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The 'Power of Small' conversations about mental health to change lives

Small conversations about mental health can make a big difference to people’s lives – and people in Hampshire are now being encouraged to talk more as part of this year’s Time to Talk Day (4 Feb).

The Time to Change Southampton and Portsmouth Hub, a partnership between Solent Mind, Southampton County Council and Portsmouth County Council, has produced two powerful videos featuring local people sharing how small conversations about mental health really have changed their lives.

Released for Time to Talk Day, one video features champions from Forgotten Veterans UK and the other is in partnership with Black History Month South focused on mental health within BAME communities.

Time to Talk Champion Hayley tells us how a small conversation with her boss about how she was feeling left her feeling understood, supported and started her on the road to recovery. She says, 

“I think that one conversation has really been the catalyst for change after 11 years of suffering of anorexia”.

Emma Fernandes from Solent Mind said: “The videos have been created in the hope they inspire people to start a small conversation about mental health at home, with friends or in the workplace.

“While we are all physically apart in lockdown, staying connected is even more important. Take the time to check in with someone you care about as many people are struggling more than usual and that small conversation might make a big difference for them.”

Cllr Lorna Fielker, Cabinet Member for Health and Adult Care, said: "We know that for some people the lockdown is taking a toll on our mental wellbeing. Time to Talk Day is so important right now, because it reminds employers, friends and family members to start small. It’s harder to check in on people to see if they are okay with the current restrictions in place, but taking the time to connect by phone or social media, listening, and being patient and kind can have a positive effect on how they are feeling.

"Following the advice of our partner Solent Mind can help us each to take those small steps to improve our mental health, like the 5 Ways to Wellbeing: Give. Keep Learning. Connect. Be Active. Take Notice. If you need professional counselling or are in a mental health emergency, there are local charities--like Samaritans and the Lighthouse--set up to take your call while we're in lockdown. No Limits offers a number of wellbeing services -- both face-to-face (socially distanced) and remote -- for those under 26 years old."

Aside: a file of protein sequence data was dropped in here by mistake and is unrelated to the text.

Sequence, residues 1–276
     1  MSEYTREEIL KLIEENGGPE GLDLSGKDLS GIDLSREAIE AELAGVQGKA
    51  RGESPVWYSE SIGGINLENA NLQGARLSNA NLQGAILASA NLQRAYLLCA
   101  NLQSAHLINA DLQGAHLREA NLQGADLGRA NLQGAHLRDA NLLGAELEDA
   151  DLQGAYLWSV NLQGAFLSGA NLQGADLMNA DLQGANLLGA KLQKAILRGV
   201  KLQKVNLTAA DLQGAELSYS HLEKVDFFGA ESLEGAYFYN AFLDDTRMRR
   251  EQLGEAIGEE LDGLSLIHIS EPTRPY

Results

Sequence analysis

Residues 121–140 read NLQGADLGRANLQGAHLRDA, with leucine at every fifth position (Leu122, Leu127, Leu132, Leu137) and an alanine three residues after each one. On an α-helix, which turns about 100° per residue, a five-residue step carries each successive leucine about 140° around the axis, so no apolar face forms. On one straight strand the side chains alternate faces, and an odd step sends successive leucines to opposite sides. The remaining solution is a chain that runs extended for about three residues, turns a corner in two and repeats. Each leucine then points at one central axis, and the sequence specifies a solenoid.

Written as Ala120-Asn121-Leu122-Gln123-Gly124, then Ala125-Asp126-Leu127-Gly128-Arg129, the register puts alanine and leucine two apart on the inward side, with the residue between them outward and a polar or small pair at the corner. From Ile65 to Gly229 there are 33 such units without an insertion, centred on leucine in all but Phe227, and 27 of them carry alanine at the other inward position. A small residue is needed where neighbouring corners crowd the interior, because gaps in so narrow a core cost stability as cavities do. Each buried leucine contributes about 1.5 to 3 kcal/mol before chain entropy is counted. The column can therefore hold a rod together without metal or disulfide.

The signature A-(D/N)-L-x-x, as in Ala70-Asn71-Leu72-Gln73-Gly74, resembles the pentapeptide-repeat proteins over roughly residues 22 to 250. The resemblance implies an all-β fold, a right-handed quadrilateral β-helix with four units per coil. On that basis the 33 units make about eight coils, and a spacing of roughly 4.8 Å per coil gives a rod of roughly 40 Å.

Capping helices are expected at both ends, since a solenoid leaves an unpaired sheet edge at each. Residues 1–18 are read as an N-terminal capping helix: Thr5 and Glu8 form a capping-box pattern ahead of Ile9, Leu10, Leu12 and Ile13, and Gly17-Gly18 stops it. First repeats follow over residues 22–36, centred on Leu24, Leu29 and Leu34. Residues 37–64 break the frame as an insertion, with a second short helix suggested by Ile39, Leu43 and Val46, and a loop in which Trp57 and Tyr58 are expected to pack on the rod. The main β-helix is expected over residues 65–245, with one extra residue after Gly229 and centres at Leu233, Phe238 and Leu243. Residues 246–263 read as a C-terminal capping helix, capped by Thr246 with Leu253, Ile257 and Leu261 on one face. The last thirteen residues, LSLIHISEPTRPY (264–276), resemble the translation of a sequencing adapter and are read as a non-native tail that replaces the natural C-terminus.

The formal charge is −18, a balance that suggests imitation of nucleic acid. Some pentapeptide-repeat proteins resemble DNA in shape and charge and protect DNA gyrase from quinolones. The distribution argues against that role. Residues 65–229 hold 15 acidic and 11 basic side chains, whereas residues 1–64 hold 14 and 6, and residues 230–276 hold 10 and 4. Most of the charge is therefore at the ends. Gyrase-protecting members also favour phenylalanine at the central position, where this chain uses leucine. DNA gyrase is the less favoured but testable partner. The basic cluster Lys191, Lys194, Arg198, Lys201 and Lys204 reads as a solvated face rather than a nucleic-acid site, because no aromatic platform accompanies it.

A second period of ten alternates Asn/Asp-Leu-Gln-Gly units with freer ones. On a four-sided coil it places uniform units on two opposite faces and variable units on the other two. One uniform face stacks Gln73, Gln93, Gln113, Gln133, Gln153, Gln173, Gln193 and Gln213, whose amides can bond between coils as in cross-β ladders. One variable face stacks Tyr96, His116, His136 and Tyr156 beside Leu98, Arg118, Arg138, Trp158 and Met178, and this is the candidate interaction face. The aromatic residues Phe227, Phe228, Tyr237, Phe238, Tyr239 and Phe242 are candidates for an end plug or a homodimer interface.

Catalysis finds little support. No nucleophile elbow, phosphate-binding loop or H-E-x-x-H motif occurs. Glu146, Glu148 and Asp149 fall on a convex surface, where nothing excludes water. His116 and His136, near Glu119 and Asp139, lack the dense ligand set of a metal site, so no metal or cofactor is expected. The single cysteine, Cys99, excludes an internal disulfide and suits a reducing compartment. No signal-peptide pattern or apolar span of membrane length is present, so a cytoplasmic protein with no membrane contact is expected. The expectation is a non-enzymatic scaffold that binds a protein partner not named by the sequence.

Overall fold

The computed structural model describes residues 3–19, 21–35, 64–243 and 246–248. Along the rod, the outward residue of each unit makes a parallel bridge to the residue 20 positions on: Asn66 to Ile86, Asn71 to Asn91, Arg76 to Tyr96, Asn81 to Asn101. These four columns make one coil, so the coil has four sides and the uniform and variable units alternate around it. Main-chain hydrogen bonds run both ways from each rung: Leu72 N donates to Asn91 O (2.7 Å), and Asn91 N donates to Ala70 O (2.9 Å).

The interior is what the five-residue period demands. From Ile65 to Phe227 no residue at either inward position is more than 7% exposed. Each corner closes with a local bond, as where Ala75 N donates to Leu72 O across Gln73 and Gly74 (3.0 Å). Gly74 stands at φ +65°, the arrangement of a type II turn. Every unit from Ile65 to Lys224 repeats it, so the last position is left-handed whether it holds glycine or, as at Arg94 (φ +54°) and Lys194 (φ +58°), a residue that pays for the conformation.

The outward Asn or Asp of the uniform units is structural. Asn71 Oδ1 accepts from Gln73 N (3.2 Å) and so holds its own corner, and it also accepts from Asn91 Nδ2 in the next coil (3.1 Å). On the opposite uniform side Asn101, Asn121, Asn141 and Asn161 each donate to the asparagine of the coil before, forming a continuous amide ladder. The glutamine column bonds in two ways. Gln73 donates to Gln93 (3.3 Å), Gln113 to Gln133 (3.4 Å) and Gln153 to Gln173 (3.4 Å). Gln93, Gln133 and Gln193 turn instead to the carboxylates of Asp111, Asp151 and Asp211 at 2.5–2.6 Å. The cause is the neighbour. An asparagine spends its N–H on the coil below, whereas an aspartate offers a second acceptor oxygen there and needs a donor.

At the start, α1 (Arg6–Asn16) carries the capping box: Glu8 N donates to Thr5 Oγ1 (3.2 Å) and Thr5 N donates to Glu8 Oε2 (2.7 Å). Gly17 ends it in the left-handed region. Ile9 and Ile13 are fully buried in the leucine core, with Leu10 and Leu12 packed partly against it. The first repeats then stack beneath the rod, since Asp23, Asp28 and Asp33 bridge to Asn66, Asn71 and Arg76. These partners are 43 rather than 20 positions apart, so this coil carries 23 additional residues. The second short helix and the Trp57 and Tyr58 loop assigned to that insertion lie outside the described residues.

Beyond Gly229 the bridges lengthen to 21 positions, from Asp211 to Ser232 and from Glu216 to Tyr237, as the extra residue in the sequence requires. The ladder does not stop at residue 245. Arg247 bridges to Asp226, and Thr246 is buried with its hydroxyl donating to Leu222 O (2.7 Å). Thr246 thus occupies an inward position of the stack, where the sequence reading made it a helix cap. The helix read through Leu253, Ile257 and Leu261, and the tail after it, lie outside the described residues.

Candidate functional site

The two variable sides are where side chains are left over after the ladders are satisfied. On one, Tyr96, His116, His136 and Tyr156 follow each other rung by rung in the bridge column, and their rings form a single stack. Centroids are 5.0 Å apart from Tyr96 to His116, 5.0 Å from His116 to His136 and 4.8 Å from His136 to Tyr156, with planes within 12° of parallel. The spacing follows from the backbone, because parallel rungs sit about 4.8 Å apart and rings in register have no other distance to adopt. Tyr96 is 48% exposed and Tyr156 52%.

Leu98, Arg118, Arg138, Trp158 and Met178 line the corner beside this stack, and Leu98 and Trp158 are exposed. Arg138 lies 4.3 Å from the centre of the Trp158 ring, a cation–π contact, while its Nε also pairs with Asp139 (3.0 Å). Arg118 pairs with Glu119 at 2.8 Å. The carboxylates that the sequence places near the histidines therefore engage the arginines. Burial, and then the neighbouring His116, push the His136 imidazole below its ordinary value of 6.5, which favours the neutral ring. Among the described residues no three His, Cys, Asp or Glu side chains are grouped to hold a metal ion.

Lou Taylor, Director, Black History Month South CIC, said: “Black History Month South welcome the association and expertise of Solent Mind in helping to raise the awareness of mental health and wellbeing within the Black Community as part of their Time To Talk Day presentation, and the continuation of the initiative throughout February supporting Black History Month USA. Our individual mental health and that of those around us, is something we all need to be mindful of especially during these difficult days”

Helen Atkinson Director of Public Health at Portsmouth City Council said:"At the moment we may not be able to have conversations in person, so it's more important than ever to make time to chat about our mental health. If you're struggling, trying to cope alone can be very difficult. As a champion of mental health, I hope we can use this day to help change the way we think and act about mental health, to create a more open and understanding culture around mental health within our communities."

Community partner SOLinked has a list of charities to support you on their Coronavirus Community Links page.

Watch the full videos below

Get involved with the hashtag #TimetoTalk. Let’s start talking. Together we will end mental health stigma.

Solent Mind’s tips on how to start a conversation about mental health:

1. Ask twice. To get past the ‘I’m fine how are you?’ response, sometimes you need to ask again. Try ‘How are you really?’ or ‘Are you sure you’re ok?’

2. Ask open questions. Start by asking how their day is going, they might just need the time and space to start talking about how they are feeling.

3. Keep conversations small and informal. Don’t make the conversation a big thing that might cause worry. A small question during a zoom cuppa is a great place to start.

4. Talk about your own feelings. Being open about your own emotions will increase trust.

5. Listen. Actively listen to what they say, you don’t need to respond just show you are listening and taking in what they are telling you.

6. Don’t try and fix it. Resist the urge to offer solutions and counter arguments, just listen to what they say and show you empathise and care.

7. Don't be judgmental. Even if you don’t understand why someone would be feeling the way they do, accept their feelings without judgement.

8. Be patient. It might take a while for someone to open up, don’t rush them just be there for them when they are ready.

If you would like to share your mental health story with us, please email

Time to Talk Day Videos


To honour Time to Talk Day and Black History Month in the USA we teamed up with Black History Month South to show how mental health stigma has effected the black community.
For Time to Talk Day local Champions and Veterans share how small conversations have made a big difference to them.
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